A renowned research company has said Samsung has managed to recapture the title of the world's largest smartphone maker from US rival Apple. But to retain the crown will be anything but plain sailing.
Hardly anyone remembers the times when cell phones were just about giving your mum a buzz. It seems fair to say that nowadays mobile phones are mostly about making a fashion statement than anything else.
This goes in particular for eternal smartphone rivals Apple and Samsung, with the South Koreans and Americans missing no opportunity to claim they've got the edge over competotors in a highly contested market that sees other competitors from China, India and elsewhere gaining ground fast.
A mixed bag of news from Seoul reached consumers Wednesday as Samsung Electronics reported a 38.9-percent drop in net profit for the first quarter year-on-year, with bottom-line earnings coming in at 4.6 trillion won ($4.3 billion, 3.9 billion euros) for the January to March period. And that was the company's fourth straight quarterly decline in net profit.
Analysts still maintained the South Koreans might slowly be turning the corner now as operating profit was up by 13.1 percent from the fourth quarter of 2014.
Wearing the crown again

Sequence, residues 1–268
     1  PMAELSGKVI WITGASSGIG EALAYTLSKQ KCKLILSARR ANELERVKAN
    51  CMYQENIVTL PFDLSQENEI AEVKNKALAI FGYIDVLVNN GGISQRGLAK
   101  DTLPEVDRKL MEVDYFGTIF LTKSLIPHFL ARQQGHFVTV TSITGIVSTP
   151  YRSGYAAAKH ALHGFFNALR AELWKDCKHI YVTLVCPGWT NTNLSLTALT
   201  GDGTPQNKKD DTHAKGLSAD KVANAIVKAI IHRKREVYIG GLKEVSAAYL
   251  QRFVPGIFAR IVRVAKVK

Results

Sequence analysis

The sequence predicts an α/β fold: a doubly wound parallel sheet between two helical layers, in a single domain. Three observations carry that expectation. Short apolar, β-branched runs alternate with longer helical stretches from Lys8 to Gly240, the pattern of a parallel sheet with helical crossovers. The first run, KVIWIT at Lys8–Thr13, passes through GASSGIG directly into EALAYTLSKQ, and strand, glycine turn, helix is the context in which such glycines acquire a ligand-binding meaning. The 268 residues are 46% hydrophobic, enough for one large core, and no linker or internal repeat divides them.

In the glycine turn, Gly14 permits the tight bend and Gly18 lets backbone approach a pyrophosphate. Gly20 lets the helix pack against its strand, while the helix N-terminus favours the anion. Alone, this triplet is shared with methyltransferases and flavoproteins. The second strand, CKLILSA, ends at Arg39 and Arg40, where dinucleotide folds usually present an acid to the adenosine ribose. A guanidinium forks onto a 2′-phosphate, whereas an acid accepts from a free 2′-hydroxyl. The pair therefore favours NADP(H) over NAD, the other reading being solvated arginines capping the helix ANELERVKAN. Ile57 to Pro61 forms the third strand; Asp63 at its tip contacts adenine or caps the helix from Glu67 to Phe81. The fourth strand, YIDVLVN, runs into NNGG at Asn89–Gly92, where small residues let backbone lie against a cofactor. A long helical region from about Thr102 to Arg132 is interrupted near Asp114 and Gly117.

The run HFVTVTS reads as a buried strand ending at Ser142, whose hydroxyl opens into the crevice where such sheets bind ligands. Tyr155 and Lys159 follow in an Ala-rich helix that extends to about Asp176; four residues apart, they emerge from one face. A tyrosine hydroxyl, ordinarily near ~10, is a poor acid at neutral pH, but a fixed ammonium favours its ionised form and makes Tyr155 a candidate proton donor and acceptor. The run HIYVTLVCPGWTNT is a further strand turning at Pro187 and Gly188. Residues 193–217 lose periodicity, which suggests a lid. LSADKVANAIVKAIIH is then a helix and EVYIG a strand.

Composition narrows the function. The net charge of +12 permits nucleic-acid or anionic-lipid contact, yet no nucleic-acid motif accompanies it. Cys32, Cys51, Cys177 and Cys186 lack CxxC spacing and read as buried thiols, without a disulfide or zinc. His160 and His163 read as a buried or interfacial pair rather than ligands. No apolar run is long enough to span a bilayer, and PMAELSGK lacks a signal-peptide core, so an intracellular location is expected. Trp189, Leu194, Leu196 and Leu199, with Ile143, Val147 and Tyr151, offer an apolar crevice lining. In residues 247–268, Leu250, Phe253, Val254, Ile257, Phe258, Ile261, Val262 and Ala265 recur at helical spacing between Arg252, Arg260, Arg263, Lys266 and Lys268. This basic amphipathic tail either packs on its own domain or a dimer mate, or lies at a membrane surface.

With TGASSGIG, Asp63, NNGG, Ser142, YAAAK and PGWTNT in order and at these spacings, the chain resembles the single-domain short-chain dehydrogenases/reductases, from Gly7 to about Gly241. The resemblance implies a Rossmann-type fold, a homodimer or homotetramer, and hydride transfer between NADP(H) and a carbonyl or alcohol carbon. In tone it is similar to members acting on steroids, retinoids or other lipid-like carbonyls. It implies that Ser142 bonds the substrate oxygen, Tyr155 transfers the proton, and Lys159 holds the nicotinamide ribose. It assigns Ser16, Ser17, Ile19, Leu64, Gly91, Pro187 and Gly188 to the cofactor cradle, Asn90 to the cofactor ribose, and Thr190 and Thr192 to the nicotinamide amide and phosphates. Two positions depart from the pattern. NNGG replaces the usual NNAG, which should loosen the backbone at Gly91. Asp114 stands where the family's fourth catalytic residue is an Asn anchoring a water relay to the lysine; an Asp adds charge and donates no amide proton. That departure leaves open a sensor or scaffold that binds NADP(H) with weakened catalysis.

But the headline likely to stick for a bit longer was provided Wednesday by research firm Strategy Analytics, which said that according to their calculations Samsung had been able to recapture the number-one spot as the world's biggest smartphone maker by volume in the first quarter, thus dethroning its fiercest rival Apple.
Strategy Analytics reported Samsung sold 83.2 million smartphones globally in the first three months of the year, reaching a market share of 24 percent. That was down from 31 percent a year earlier, but way better than Apple's 18 percent for the same period.
"Samsung continued to face challenges in Asia and elsewhere, but its global performance has stabilized sufficiently well this quarter to overtake Apple," Strategy Analytics Executive Director Neil Mawston said in a statement.
But it's not only about the firm's rivalry with Apple. The Seoul-based company knows it needs to redouble its efforts to avoid losing even more market share to Chinese budget smartphone producers such as Xiaomi and Lenovo.
Samsung's galactic year?
With thelaunch of its Galaxy S6 and S6 Edge
on April 10, Samsung may have found an appropriate instrument to keep competitors at bay.
Both models have been performing well on world markets, the vice head of communications at Samsung's mobile unit, Park Jin-Young maintains.
"I think the S6 will become the best-selling model among the Galaxy S series," Park said, conceding that the company was struggling to meet bigger-than expected demand for the Edge.
No matter how competition in the mobile phone market may play out in the future, Samsung can hardly be criticized for holding back resources. Samsung reported Wednesday it had invested the equivalent of $6.7 billion in building or expanding production infrastructure in the first quarter alone, with the bulk of it going into semiconductor plants.
Until the release of smartphone sales data for the second quarter, the ball is back in Apple's court.